Other studies included students in different settings to assess how planning order affects motivation and actual academic performance, and to evaluate the role of goal complexity in planning. In all the studies, students were responsible for coming up with their own plans.
To their surprise, researchers discovered a marked difference in success between forward and backward planning. “Backward planning could change the actual outcome, student’s grades on an exam, in addition to motivation and perceptions,” Park said about their findings. This held true only when the goal was complex, Park added—say, a comprehensive final exam that required reviewing and integrating a lot of information, or a long-term research project that involved a sequence of related steps.
Even among the collection of students whose 15 exam-prep activities were identical, and whose plans looked alike, the results were striking. “The effects don’t seem to be driven by the plan itself,” Hedgcock said. “They seem to be driven by how the plan was constructed,” he added.
Reverse planning for challenging assignments is more effective than forward planning for a few reasons, the researchers noted. For one, it helps the planner consider critical steps and then identify likely obstacles—all from the point of view of having completed the goal, which sharpens clarity. “When visualizing the endpoint, things seem clearer and more positive,” said William Hedgcock. “If you start at the present, you could go this way or that way—it can be more negative,” he added, because of the multiple possible steps to be taken. Backward planning also kickstarts motivation at the time when inspiration lags most, during the middle of a goal pursuit. Finally, backward planning from an imaginary finished goal lessened the perception of time pressure.
These findings could have broad applications. Though the studies involved college kids, high school students would likely experience similar results, Hedgcock said. Also, while “complexity is in the eye of the beholder,” he said, a student who perceives an assignment to be complex might be more successful if she constructs a plan that starts with the end goal. “I have a four-and seven-year old, and figuring out what to wear to school every day is complex for them,” he said. Reverse planning might also help kids whose motivation often wilts, or who have lost track of what they’re trying to achieve, or who frequently feel strapped for time while working on tough projects. Though the studies did not look at different cohorts of kids, the finding suggests that children who struggle with executive function might benefit from this type of preparation.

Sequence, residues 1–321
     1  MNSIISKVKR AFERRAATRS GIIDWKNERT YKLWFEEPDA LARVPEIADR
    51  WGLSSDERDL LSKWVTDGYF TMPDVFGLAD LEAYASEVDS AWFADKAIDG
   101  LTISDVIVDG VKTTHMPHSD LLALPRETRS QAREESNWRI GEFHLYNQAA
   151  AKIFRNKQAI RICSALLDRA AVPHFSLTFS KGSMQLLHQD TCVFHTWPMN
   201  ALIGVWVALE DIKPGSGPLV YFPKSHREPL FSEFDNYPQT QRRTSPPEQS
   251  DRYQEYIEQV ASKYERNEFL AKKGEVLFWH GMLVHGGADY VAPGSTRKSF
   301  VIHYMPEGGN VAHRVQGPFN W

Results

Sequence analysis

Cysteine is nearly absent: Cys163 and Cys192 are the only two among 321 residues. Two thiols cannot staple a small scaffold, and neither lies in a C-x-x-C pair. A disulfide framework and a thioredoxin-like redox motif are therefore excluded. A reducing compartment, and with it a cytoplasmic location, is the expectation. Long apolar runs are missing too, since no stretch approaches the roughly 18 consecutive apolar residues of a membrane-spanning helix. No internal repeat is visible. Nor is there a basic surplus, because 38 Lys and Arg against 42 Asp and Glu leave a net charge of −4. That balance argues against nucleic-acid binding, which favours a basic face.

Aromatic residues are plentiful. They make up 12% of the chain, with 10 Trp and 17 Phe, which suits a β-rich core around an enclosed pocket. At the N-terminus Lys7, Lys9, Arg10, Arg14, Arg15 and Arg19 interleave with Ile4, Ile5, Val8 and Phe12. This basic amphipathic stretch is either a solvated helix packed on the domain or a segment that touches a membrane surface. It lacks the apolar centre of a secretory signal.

The researchers were quick to point out the limits to their work. They hadn’t accounted for individual differences among the college students, which could play a role in outcomes. Their work consisted of just five studies, and included only university students. For simple goals, backward planning has no effect. “It’s something that should be examined further,” Hedgcock said.
Nevertheless, the results suggest that students (and adults) could improve their ability to achieve certain goals by adjusting how they plan for them. “It’s a powerful finding,” he said.